BM:  What do you think your mother coming down from Heaven would say if she read it?

My mother and I had been very close all of my life, although we had actually switched roles. Instead of the child, I became the mother to her and my four siblings. I felt her presence the entire time I was writing. When I found her personal, hand-written diary three months before my class was finished, I realized she wanted me to tell this story.
I was extremely close to my father, even though he was not my biological dad. I never for a moment doubted that he would object. I know he would have been extremely proud.

BM:  Did any of the folks living in the book that live out of the area read it and what did they think?

My entire family lives “out of the area” and I sent it to every one of them. They loved it! From the beginning, I had stressed that it was “our story,” told by me. Each one of them supported my efforts.

BM:   Have you received any flack from family members?

I had one niece who was going through some personal problems and asked not be included, so I omitted her. Since then, she has agreed to be included. I will include her in my next reprint.

BM:   How did your husband, Jim Farley feel about your writing this book?

Jim supported me 100%. Actually, he came into my life about the time my story ends.

BM:   Did your sons and daughter-in-laws read it and what were their thoughts? Grandchildren?

My oldest son, Todd, said there were many things he never knew about, so some of it was a revelation to him. My youngest son, Nathan, told me it enabled him to see me as a person, rather than a mother. They’ve been very supportive.
Todd’s sons are older, and each one was impressed with it. Nathan’s son, Elliot has read parts of it and it seems to have given him a better understanding of my life. I haven’t really discussed it with Sophie and Truman is too young to read it. However, he is greatly impressed that I actually wrote a book and has embarked on a book of his own.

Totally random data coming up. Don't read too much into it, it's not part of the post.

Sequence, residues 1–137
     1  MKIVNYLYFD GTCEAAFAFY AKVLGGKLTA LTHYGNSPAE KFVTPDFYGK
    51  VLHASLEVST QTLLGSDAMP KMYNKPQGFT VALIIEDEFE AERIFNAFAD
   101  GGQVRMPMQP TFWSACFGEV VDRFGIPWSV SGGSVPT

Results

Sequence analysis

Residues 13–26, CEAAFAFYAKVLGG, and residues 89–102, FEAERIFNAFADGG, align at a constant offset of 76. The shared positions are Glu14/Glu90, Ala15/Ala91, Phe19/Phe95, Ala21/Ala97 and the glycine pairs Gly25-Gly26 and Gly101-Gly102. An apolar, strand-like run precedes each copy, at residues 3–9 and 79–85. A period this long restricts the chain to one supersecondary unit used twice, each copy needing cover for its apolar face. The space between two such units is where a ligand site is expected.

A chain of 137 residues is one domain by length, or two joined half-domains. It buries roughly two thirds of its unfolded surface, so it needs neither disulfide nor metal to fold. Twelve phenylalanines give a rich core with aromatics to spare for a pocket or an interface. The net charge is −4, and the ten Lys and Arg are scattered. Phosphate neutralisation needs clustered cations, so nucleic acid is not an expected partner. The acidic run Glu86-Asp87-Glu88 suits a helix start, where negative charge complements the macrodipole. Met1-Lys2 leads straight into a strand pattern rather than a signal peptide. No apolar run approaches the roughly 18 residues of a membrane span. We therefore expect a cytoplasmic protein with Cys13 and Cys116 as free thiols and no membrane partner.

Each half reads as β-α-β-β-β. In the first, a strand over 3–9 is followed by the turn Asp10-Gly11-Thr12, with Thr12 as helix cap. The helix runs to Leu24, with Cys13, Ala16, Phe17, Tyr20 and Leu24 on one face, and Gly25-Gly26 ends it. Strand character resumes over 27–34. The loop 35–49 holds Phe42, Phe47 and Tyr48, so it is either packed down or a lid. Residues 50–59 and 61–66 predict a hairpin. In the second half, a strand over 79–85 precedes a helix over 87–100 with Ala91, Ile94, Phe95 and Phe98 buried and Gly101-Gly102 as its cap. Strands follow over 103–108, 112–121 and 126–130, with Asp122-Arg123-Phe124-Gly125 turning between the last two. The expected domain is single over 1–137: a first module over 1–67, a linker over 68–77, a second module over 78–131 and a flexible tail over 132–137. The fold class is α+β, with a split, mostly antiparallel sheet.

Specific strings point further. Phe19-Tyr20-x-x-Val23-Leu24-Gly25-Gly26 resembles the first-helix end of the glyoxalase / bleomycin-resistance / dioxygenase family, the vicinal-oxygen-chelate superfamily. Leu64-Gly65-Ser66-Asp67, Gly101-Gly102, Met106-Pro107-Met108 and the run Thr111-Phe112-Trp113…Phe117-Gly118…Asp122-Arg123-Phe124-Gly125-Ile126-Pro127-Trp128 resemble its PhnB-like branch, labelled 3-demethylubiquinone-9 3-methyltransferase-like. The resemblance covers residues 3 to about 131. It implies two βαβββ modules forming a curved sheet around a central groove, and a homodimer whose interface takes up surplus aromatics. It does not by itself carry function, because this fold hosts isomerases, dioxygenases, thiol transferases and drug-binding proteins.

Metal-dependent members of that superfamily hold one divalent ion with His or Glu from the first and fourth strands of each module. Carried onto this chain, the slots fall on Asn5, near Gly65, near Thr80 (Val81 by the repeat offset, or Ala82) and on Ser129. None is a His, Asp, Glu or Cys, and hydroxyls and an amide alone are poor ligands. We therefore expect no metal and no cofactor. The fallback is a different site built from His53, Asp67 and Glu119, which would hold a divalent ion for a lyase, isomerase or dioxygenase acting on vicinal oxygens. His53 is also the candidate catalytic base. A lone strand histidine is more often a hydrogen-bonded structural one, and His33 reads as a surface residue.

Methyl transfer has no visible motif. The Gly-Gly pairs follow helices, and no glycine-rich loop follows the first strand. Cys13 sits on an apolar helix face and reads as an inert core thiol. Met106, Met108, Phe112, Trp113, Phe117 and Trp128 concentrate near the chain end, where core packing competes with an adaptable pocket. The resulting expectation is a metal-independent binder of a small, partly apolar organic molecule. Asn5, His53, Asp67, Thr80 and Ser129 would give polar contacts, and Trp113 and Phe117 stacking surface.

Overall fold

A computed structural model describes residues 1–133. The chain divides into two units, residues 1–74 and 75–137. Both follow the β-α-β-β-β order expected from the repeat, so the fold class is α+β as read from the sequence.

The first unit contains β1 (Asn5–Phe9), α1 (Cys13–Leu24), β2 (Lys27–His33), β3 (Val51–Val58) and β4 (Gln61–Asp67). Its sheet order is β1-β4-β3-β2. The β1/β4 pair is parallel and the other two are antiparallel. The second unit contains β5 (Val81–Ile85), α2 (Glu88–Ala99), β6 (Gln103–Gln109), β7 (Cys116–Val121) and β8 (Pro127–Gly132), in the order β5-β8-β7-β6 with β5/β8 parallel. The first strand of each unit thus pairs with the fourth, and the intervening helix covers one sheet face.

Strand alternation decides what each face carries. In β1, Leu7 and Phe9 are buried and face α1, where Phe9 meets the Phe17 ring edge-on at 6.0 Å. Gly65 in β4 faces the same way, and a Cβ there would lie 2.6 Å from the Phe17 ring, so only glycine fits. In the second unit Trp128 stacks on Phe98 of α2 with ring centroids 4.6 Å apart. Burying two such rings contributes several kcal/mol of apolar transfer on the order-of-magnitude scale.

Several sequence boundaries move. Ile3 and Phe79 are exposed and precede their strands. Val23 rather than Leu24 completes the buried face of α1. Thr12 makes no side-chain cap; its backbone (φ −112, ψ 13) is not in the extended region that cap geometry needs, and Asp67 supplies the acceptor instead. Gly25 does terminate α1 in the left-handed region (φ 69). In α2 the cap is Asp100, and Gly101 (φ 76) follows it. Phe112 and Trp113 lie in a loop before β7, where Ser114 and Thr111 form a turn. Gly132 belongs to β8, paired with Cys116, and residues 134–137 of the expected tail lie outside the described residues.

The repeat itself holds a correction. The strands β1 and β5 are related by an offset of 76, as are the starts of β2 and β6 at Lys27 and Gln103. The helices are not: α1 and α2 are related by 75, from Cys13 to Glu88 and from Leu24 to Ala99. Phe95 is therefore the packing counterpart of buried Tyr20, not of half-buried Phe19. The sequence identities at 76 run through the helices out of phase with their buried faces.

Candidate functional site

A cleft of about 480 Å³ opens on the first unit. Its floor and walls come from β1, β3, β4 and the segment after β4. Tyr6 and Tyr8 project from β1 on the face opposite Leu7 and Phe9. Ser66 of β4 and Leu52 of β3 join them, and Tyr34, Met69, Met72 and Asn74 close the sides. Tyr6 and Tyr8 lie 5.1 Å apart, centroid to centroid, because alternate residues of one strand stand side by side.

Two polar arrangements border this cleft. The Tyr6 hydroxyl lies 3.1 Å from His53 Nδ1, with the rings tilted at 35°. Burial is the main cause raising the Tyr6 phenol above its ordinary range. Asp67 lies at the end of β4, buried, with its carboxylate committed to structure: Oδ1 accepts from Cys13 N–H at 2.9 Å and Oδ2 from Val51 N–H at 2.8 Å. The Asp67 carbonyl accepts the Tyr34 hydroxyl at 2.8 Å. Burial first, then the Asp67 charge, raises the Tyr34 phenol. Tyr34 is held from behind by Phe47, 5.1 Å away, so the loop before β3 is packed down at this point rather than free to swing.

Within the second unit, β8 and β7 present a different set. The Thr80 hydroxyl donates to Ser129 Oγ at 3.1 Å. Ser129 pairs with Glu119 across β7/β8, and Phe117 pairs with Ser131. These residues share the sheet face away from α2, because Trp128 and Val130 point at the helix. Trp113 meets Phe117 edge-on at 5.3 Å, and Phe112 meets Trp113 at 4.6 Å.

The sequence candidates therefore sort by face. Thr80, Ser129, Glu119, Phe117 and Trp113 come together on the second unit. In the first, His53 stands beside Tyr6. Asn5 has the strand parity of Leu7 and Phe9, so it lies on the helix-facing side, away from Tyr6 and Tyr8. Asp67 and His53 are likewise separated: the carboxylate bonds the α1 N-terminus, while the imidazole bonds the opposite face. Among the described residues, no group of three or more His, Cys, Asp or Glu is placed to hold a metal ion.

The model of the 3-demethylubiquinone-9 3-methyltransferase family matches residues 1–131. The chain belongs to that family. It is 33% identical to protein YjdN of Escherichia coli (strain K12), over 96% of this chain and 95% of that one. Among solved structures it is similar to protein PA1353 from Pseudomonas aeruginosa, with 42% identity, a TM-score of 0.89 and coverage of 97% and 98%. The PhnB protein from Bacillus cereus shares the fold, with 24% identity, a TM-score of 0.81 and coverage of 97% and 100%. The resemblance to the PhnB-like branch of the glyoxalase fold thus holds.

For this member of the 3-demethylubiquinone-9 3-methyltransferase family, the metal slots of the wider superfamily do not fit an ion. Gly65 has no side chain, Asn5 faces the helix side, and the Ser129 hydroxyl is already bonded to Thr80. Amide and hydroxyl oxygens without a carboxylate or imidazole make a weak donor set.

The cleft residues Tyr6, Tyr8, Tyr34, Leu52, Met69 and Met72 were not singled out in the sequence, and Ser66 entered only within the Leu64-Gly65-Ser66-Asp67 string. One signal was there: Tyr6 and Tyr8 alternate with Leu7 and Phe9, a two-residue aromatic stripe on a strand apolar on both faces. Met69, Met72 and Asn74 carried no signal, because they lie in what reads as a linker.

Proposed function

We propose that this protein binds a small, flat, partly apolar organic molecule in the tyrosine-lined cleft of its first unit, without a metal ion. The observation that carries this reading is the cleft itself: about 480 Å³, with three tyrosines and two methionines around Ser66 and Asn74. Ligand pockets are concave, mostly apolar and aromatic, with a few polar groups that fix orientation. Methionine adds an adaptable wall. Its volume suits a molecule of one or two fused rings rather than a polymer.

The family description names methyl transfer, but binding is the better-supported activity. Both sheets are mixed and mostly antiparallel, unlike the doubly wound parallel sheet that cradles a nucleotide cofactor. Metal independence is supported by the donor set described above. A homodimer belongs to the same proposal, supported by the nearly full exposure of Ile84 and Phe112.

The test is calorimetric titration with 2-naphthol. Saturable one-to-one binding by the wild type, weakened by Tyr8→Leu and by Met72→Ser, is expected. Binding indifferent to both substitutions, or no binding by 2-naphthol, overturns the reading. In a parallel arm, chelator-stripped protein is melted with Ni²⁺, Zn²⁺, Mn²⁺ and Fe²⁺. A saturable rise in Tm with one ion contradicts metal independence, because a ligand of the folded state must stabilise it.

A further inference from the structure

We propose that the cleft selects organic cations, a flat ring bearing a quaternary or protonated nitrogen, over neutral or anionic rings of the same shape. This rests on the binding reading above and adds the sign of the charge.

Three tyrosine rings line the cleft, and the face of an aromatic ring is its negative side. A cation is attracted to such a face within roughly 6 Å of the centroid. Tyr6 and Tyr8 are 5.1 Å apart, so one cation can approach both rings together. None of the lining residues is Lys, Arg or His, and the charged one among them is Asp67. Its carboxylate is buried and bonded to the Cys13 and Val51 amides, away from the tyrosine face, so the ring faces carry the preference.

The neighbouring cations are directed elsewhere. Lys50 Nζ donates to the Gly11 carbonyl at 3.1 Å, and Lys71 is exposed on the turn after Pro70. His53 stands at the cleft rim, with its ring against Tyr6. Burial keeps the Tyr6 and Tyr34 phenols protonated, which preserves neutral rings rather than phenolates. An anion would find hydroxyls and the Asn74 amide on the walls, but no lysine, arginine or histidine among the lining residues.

BM:   What are the most positive things that you had heard from a reader that really made you feel like your book made a difference?

Judy Feldman, a retired creative writing teacher from Clarion Limestone, stayed with me in Chautauqua the first year I took a memoir writing course. After reading my submittal, she told me my writing voice was very strong ― a gift that cannot be taught. Her words encouraged me to keep going. Since my book’s publication, I have heard this from many readers. Some people said they felt like I was in the room with them while they read my book and they could actually feel my emotions. For the most part, these are people that know me. It will be interesting to see how the general public receives it.
Countless people have stopped me in stores or on the street to discuss parts of the book, to which they could relate. Everyone has trials and tribulations in their lives, and my hope was that I could reach out to others who may be struggling and give them hope.

BM:   Did anyone tell you not to write it?

Absolutely not. Most of them encouraged me to continue.

BM:   Do you wish you could have added more details?

Yes! When I finally finished, I actually had almost 114,000 words. During my research, I discovered most memoirs were between 80,000 and 100,000 words. I omitted about 8,000 words, making my story 106,000. With photos, this made my book 290 pages.
“The Road Back to Hell” is available on line at www.dianalynnauthor.com and you can go through Paypal. Or you can go to her Facebook page “Diana Lynn” and message her. It’s also available at the History Center and The Brookville Flower Shop, both on Main Street in Historic Downtown Brookville.